You are strongly invited not to study the concepts by heart. This will allow in the future to extend what you have learnt to other cases that are similar to those presented in this course, and to obtain a critical view. One way to do so is to read not only the lecture notes but also the articles and books that are suggested. Moreover, doing various exercises allows to verify that all the concepts are clear.
Teaching Resources
A textbook for this course does not exist. An accurate selection of book chapters, articles and web pages, together with the slides, is available on ARIEL. Most material is in English.

This is a list of the most important sources:

* Donatelli, M., 1995. Sistemi nella gestione integrata delle colture, Appunti dalle lezioni. Pubblicazione speciale dell'Istituto Sperimentale Agronomico, ISA-Sezione di Modena, Modena, 133 pag., Progetto finalizzato PANDA, Serie Generale, Pubblicazione no. 3.
* Vries, F.P. de, 1989. Simulation of ecophysiological processes of growth in several annual crops. Int. Rice Res. Inst.
* Loomis, R.S., Connor, D.J., 1992. Crop ecology: productivity and management in agricultural systems. * Cambridge, Cambridge University Press, pp. 538.
* Campbell, G.S., Norman, J.M., 1998. An introduction to environmental biophysics, Springer, New York, 286 pp.
* Stöckle, C.O., M. Donatelli, R. Nelson, 2003. CropSyst, a cropping systems simulation model. European Journal of Agronomy, 18, 289-307.
* Manzoni, S., Porporato, A., 2009. Soil carbon and nitrogen mineralization: Theory and models across scales. Soil Biology and Biochemistry 41, 1355-1379. doi:10.1016/j.soilbio.2009.02.031: Solo paragrafo "3. Modeling decomposition and N mineralization"
* Mackay, D., Di Guardo, A., Paterson, S., Kicsi, G., Cowan, C.E., 1996. Assessing the fate of new and existing chemicals: A five-stage process. Environmental Toxicology and Chemistry 15, 1618-1626. doi:10.1002/etc.5620150928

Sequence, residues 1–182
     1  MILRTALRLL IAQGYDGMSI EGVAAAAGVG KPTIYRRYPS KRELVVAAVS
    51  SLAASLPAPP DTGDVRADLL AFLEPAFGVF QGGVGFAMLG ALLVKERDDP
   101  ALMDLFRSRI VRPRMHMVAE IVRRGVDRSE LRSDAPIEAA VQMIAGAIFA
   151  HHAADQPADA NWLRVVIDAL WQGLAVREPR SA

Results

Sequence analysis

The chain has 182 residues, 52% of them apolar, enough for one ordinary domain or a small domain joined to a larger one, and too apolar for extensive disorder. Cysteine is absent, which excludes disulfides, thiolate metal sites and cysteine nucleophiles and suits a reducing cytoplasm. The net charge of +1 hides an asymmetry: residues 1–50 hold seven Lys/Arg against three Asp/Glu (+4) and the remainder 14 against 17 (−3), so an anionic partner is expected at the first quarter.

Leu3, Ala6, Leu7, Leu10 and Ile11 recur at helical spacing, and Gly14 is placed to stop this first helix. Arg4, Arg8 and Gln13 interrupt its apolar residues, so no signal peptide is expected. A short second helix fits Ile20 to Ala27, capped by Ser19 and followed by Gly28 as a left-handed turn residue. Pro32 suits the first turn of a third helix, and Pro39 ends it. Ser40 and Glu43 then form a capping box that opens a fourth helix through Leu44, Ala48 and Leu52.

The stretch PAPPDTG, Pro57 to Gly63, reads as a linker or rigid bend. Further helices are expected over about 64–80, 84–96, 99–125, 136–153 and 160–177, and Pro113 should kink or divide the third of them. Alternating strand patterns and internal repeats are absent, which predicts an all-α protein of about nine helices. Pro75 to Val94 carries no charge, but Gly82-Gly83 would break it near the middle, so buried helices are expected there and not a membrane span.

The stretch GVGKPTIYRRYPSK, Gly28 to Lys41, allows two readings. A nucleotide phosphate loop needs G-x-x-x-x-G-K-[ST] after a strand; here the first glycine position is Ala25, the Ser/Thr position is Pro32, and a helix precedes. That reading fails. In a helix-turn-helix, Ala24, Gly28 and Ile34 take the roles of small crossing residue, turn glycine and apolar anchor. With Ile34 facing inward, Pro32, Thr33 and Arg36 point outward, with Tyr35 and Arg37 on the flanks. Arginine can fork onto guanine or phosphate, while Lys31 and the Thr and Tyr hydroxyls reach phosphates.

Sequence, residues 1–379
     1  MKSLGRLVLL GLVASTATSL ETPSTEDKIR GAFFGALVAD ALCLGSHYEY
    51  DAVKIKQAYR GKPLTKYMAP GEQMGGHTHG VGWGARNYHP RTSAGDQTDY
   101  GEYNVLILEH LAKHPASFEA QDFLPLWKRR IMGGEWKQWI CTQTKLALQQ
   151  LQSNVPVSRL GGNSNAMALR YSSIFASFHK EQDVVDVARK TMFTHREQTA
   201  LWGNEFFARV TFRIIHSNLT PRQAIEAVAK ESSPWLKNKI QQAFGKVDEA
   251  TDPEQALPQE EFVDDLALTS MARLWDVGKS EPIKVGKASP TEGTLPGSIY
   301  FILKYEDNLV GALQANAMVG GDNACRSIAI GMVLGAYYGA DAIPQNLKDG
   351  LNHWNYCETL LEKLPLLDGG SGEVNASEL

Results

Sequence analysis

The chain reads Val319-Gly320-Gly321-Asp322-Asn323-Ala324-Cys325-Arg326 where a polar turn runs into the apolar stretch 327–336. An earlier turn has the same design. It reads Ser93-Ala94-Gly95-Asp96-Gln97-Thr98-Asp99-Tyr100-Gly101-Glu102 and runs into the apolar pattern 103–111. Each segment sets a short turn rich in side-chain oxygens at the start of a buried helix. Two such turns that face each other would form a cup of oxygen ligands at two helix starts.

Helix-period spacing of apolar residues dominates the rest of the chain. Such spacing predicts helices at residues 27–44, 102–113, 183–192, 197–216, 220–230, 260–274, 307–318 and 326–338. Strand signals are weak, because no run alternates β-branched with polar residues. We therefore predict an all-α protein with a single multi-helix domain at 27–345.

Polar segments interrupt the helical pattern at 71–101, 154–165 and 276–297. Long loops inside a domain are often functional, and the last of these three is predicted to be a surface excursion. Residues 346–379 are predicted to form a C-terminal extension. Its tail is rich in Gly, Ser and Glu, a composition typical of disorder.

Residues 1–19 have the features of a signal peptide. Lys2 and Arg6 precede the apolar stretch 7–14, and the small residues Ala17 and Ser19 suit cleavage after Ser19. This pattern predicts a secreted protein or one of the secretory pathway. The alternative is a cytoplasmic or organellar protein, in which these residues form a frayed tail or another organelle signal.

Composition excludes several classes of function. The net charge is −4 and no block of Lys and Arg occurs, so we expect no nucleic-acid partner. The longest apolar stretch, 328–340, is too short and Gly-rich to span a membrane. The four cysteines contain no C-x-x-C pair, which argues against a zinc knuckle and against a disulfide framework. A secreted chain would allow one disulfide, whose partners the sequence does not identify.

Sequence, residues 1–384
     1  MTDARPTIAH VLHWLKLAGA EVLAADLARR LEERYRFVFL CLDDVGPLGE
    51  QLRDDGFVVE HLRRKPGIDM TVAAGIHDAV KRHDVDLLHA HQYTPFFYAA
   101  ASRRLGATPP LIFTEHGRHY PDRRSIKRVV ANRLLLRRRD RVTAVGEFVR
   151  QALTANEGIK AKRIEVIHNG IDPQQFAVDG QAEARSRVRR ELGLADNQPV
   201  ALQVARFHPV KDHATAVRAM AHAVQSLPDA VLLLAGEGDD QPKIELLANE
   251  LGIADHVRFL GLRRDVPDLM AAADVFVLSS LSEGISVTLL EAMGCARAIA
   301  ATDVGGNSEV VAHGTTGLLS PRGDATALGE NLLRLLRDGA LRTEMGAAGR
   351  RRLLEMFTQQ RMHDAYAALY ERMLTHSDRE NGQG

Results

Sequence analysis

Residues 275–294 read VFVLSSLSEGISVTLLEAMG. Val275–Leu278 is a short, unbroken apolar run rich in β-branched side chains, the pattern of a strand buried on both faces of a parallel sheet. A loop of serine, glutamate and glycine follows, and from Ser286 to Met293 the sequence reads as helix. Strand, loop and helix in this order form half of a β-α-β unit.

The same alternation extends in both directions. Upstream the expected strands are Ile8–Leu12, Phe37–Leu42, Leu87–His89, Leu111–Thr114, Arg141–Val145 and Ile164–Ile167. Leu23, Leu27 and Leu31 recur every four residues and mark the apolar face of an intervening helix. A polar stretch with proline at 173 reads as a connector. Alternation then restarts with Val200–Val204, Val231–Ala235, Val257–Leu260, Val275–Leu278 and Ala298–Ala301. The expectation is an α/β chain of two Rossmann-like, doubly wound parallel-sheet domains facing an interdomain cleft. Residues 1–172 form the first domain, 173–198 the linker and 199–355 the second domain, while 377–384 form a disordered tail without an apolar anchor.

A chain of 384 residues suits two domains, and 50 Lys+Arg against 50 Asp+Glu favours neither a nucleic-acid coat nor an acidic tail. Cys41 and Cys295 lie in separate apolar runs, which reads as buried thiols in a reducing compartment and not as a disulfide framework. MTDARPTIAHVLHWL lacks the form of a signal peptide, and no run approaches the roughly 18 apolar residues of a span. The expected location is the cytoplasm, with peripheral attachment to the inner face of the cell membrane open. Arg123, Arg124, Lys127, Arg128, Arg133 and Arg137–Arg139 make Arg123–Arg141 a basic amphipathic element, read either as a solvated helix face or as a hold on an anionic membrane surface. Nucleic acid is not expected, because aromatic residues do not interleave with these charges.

* Mackay, D., Di Guardo, A., Paterson, S., Cowan, C.E., 1996. Evaluating the environmental fate of a variety of types of chemicals using the EQC model. Environmental Toxicology and Chemistry 15, 1627-1637. doi:10.1002/etc.5620150929
* Mackay, D., Di Guardo, A., Paterson, S., Kicsi, G., Cowan, C.E., Kane, D.M., 1996. Assessment of chemical fate in the environment using evaluative, regional and local-scale models: Illustrative application to chlorobenzene and linear alkylbenzene sulfonates. Environmental Toxicology and Chemistry 15, 1638-1648. doi:10.1002/etc.5620150930
* Bellocchi, G., Rivington, M., Donatelli, M., Matthews, K., 2010. Validation of biophysical models: issues and methodologies. A review. Agronomy for Sustainable Development 30, 109-130.
Assessment methods and Criteria
The exam is written. It is made of 10-12 questions, more or less equally divided in theoretical questions and short exercises on the whole programme. The optimal length of an answer ranges from a few lines to a whole page written by hand, depending on the question or exercise. The exam lasts two hours. The mark is assigned by averaging the marks of each answer.

The evaluation considers: a) the use of adequate language; b) the correctness of the contents; c) the completeness of the answers. Missing contents reduce the mark. Excess contents are not evaluated. In the exercises it is important to use the proper order of magnitude for the variables and the parameters. Units must always be specified.

A pocket calculator can be used for the exercises.

An oral exam is not planned.

There will:
- Two exam dates at the end of each semester (Jun-Jul, Jan-Feb)
- An exam date during the intermediat exams period (Apr, Nov)
- An exam date in September

How to study: a) participate to the lectures and the practicals; b) study your lecture notes, the slides, the papers and the books; c) revise the exercises done during the practicals; d) use the models in conditions other than those proposed during the practicals.
AGR/02 - AGRONOMY AND FIELD CROPS - University credits: 6
Practicals: 32 hours
Lessons: 32 hours
Professor: Bechini Luca
By making an appointment.
In my office (Via Celoria 2, Dipartimento di Scienze Agrarie e Ambientali - Agronomia, 1st floor above "Aula 1")